Thursday, April 30, 2009
Swine Flu Pandemic? Update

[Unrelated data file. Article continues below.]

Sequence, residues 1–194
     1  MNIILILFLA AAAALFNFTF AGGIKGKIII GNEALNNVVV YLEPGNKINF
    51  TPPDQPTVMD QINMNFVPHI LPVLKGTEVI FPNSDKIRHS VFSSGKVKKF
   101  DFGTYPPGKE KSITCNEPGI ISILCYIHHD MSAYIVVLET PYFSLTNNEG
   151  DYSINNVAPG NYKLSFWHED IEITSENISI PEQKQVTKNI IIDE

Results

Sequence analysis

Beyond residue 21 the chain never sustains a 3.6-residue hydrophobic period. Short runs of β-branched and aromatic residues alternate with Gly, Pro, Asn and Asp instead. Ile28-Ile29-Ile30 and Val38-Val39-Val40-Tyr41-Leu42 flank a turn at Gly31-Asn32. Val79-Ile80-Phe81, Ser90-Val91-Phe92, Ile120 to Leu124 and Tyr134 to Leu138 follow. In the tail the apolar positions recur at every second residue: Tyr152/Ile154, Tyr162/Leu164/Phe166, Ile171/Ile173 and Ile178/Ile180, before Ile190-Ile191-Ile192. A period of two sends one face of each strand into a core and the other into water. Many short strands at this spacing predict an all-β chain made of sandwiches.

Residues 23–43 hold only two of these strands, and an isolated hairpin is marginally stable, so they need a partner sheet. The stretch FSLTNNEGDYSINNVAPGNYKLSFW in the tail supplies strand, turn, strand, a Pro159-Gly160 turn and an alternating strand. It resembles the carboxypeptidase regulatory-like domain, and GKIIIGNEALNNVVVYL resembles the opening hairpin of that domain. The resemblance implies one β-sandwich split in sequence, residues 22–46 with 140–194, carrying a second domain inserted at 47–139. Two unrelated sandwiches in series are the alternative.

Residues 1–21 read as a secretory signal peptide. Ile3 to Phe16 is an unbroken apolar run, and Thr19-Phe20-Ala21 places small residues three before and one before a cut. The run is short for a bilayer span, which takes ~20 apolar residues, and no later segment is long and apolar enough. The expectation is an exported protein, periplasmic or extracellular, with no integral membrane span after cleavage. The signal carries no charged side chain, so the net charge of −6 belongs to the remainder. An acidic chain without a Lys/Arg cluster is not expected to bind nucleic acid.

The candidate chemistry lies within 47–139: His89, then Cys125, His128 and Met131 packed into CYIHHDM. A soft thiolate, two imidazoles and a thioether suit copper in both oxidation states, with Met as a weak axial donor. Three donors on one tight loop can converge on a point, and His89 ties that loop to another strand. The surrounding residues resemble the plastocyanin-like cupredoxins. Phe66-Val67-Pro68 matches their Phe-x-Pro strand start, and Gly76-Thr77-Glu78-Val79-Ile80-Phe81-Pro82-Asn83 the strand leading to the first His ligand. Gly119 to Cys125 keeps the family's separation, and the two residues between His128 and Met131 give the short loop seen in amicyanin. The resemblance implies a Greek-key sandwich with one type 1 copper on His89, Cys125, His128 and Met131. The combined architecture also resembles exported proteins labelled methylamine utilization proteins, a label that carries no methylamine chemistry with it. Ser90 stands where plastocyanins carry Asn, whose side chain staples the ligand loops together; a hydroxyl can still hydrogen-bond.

Here's an update since my last post. Here, in Milwaukee, Wisconsin, the last time I checked the local news earlier this evening, five public schools (four elementary and one high school) and three parochial schools (outside the province of the Milwaukee School Board) have been closed. In some cases, it is because there was confirmed contact of students and/or teachers with a person who has H1N1 flu; in other cases, it is anticipatory -- closing before any flu infections have not yet been confirmed but trying to head things off at the pass, as it were. One day ago, there were two suspected cases of H1N1 flu in Milwaukee. Today it is reported that the South 16th Street Health Clinic (that's not the legal name, but people who live here will know what I mean) have three more suspected cases of H1N1 flu. I can personally attest to the fact that around 8:00 a.m. this morning, as the bus I take downtown to work five days a week rode northward past the 16th Street Health Clinic on Caesar Chavez Drive (the street formerly known as South 16th Street), there was a line of people at the doors waiting for the clinic to open -- something I haven't seen before. At the time I thought, "oh oh." This is scary as hell to me. The South 16th Street Clinic provides medical care to all comers on a sliding scale of income. Those who have more, pay more; those who have less, pay less -- or sometimes nothing. It's a great service provided to all Milwaukeeans. Increasingly, a lot of the people who visit the clinic can pay nothing. This neighborhood I grew up in, which used to be populated primarily with working class German and Polish families, is today a neighborhood of diverse ethnicity. We were poor then; the area is even poorer now. This is not a good thing. Tomorrow a big rally and march is planned to protest against government policies relating to illegal aliens. I understand that last year, thousands of people attended. It didn't appear to me, a local resident, that there were thousands of people attending last year's event. But hey, what do I know? I call it as it see it. This year, more thousands of people are forecasted to attend this event. On the 10:00 P.M. news I saw a spokeswoman for this event saying yeah, we're going to be there and we hope you will be there too. So - you're supposed to go out into this projected massive crowd of people and expose yourself to who knows what germs, to support a political cause. And then go back home and a few days later maybe die from the H1N1 flu virus you got exposed to during the rally? Am I being totally stupid for thinking that it is really assinine of the organizers to hold a rally where thousands of people will be in close contact with one another during an influenza epidemic that has already killed over 150 people in Mexico? The local Cinco de Mayo celebrations have been cancelled - common sense says YES to this. Cinco de Mayo can be celebrated next year, in health and hopefully in prosperity. Cinco de Mayo is not going to go away; if even one less case of this H1N1 flu can be avoided by cancelling the event, it's worth it. I remember when I got the swine flu in 1975, how sick I was. Geez, I don't even want to remember it , it was horrid! I would wish this infliction upon my worse enemies, but only if they would suffer as much as I did in 1975. I also caught the Hong Kong flu in 1968. Fortunately, no one else in my family (7 other people) did, and they were able to isolate me in a room with a sheet tacked up across the entrance (there was no door). There I laid for seven straight days, wishing every day that I could die, so sick I was. Of course, back then, there was no "Tami-flu." But even if here had been, my parents couldn't have afforded it. So why do the Milwaukee May Day marchers protesting the United State's policies on immigration feel that politics trumps public health? Come on. Get real, people!